This early work by Fra Angelico accentuates the drama of the Crucifixion by showing the Virgin collapsed in grief with the lamenting Maries and emphasizing the varied attitudes of the Roman soldiers and their horses. There is an exquisite delicacy about this work that Fra Angelico will develop in his mature paintings. The innovative circular composition was inspired by the bronze doors created by Lorenzo Ghiberti for the Baptistry of Florence.
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Fig. 1. Detail of pseudo inscription
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Fig. 2. Filippo Brunelleschi, "Crucifix," ca. 1410–15, polychromed wood (Santa Maria Novella, Florence)
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Artist:Fra Angelico (Guido di Pietro) (Italian, Vicchio di Mugello ca. 1395–1455 Rome)
Medium:Tempera on wood, gold ground
Dimensions:25 1/8 x 19 in. (63.8 x 48.3 cm)
Credit Line:Maitland F. Griggs Collection, Bequest of Maitland F. Griggs, 1943
The Artist: Fra Angelico was one of the creative geniuses of the Renaissance whose work has had an enduring impact on the Western idea of religious painting. The combination of the saintly man and a quintessentially devout style of painting were already part of his legacy in the fifteenth century and forms the core of Vasari’s life: "Fra Giovanni Angelico of Fiesole, . . . having been no less excellent a painter and miniaturist as he was a good religious brother, merits for one and the other reason a most honored memory." We find this idea expressed by Michelangelo. For the influential British critic John Ruskin, Fra Angelico headed the school of painting he called Pure Religious Art: The School of Love. He declared of the artist that "he forms a class by himself—he is not an artist, properly so called, but an inspired saint". This characterization tended to obscure his stature as an artist and his contribution to the creation of Renaissance style in Florence alongside Masaccio, Brunelleschi, Ghiberti, and Donatello. In a seminal essay written in 1940, Roberto Longhi reasserted Fra Angelico’s position as "the first of any to understand Masaccio," and his role as one of the great innovators of fifteenth-century painting is now uncontested. What cannot be denied is that, as a Dominican friar and prior, he created a well-organized workshop that produced paintings specifically keyed to their devotional function. This resulted in works of great variety. Thus, for the friar’s cells at San Marco in Florence, he embraced pared-down compositions, reduced to essentials, that proved perfect for individual contemplation. By contrast, his altarpieces, such as the great Coronation of the Virgin in the Louvre or the badly compromised high altar of the church of San Marco are works of great pictorial richness. His frescoes in the Vatican show an artist no less aware of the secular world than the life of the convent.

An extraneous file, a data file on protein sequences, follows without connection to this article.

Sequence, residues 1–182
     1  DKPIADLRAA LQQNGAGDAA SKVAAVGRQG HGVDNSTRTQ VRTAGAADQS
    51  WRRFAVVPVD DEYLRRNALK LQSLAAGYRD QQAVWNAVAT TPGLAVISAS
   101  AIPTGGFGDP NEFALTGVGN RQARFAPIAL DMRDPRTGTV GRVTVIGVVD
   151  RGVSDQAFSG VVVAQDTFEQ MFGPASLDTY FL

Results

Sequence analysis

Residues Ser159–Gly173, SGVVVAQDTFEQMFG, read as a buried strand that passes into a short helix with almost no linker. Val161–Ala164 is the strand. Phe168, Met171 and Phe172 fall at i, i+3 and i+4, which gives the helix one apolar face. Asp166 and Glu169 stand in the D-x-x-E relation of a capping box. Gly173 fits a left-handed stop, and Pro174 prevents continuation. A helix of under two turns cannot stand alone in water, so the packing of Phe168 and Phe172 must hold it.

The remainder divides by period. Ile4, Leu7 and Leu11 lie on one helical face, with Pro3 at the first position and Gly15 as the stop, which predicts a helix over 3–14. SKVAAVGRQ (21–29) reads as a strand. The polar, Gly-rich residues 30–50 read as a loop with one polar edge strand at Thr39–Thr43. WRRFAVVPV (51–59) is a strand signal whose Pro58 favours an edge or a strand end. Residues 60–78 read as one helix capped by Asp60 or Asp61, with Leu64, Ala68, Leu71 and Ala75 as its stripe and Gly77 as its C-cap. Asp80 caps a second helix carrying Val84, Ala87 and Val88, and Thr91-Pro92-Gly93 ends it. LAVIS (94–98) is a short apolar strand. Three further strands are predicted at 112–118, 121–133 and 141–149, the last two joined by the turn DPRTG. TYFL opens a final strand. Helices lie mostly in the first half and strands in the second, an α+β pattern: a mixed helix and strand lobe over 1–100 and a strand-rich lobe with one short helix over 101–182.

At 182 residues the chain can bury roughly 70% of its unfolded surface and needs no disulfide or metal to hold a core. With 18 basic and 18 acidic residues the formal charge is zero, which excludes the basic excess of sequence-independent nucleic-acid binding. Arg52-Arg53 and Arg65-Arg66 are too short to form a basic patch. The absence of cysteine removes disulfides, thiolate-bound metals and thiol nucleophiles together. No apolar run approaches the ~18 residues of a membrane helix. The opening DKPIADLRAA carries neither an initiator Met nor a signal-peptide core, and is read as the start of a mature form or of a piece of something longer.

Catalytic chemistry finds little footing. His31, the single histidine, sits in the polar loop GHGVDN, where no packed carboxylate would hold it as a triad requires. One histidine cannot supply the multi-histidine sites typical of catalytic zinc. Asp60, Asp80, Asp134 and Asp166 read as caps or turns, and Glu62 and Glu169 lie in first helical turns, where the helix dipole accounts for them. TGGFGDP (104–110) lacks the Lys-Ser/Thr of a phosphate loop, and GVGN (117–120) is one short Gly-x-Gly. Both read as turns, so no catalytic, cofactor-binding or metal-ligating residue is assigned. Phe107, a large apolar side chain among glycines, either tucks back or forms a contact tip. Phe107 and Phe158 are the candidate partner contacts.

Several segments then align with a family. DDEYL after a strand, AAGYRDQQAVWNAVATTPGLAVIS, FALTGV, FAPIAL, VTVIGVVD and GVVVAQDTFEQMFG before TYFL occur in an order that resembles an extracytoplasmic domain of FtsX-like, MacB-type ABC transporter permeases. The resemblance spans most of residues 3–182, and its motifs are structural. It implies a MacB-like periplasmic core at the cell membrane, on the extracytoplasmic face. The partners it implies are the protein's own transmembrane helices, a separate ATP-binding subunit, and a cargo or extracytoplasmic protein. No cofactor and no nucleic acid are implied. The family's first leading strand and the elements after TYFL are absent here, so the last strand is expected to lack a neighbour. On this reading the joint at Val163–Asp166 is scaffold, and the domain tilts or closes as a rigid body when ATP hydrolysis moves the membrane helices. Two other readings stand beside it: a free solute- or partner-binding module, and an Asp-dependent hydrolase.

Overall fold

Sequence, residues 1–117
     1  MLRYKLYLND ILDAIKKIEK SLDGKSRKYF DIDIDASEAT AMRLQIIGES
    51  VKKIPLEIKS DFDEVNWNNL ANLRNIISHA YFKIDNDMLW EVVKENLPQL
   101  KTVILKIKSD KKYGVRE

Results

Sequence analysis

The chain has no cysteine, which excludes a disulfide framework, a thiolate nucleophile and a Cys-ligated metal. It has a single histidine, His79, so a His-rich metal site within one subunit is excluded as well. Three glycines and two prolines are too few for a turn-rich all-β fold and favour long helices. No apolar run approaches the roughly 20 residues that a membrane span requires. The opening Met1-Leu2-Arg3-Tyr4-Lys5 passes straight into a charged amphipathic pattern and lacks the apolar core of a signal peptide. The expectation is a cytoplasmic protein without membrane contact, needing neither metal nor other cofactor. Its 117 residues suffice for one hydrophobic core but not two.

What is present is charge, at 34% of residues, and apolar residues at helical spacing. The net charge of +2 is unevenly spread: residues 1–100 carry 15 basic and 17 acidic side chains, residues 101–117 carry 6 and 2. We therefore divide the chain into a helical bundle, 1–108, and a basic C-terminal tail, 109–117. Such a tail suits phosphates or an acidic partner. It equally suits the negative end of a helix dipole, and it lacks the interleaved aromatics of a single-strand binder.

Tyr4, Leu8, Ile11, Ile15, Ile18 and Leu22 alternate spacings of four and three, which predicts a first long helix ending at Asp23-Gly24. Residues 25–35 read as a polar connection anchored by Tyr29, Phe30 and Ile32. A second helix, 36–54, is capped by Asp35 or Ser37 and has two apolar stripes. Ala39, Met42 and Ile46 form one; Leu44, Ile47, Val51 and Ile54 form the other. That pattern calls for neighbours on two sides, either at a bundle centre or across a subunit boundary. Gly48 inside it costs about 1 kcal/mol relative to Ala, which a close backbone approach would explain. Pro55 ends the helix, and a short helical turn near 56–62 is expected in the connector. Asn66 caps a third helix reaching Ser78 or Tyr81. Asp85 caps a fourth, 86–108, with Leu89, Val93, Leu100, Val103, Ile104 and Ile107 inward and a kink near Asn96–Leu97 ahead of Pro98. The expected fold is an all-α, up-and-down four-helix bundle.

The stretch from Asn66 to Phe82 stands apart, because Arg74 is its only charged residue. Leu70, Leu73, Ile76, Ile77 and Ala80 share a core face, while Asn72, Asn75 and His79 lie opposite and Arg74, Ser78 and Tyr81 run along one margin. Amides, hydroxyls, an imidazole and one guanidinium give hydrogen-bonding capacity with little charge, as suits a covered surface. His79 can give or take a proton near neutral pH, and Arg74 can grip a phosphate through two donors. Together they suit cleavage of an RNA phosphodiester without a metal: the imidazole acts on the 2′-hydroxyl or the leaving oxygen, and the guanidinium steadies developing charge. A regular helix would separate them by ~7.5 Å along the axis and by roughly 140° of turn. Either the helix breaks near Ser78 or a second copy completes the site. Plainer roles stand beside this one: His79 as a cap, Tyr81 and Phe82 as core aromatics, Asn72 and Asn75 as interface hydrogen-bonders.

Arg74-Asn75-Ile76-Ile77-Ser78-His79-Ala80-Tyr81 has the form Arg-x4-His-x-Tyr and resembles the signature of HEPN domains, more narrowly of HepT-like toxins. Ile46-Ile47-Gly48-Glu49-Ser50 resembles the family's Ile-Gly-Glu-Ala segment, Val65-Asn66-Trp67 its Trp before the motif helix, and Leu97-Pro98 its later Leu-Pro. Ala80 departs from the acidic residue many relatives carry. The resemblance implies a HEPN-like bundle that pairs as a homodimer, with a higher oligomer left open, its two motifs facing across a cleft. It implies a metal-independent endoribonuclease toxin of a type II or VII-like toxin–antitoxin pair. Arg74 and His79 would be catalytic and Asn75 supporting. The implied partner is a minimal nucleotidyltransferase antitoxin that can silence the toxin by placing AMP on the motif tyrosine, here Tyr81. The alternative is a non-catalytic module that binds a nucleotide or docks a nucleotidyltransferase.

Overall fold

The Picture: Christ is shown crucified on a cross surrounded by six diminutive angels, two of whom hold out bowls to catch the blood that drips from his wounds. Roman soldiers mounted on horses form a tight semi-circle. One, identified by tradition as Longinus, is shown at the far left, mounted on a gray steed and holding a spear. He has just pierced Christ’s side. The standing figure gazing upward, holding a rod with a sponge attached, is the centurion who, according to the Gospel of Saint Matthew (27:54), was converted, declaring, "Truly, this was the Son of God." In the foreground can be seen Christ’s mother, who has fainted, attended by three women. Saint John stands on the right side of the cross, his raised hands clasped in grief as he gazes as the Virgin Mary. The details of the picture are minutely observed. The centurion’s chest has curly hair; the soldier’s clothes are embellished with shell gold decorations. A work of remarkable invention and quality, it would seem—like The Met’s Pietro Lorenzetti (2002.436)—to be for private devotion.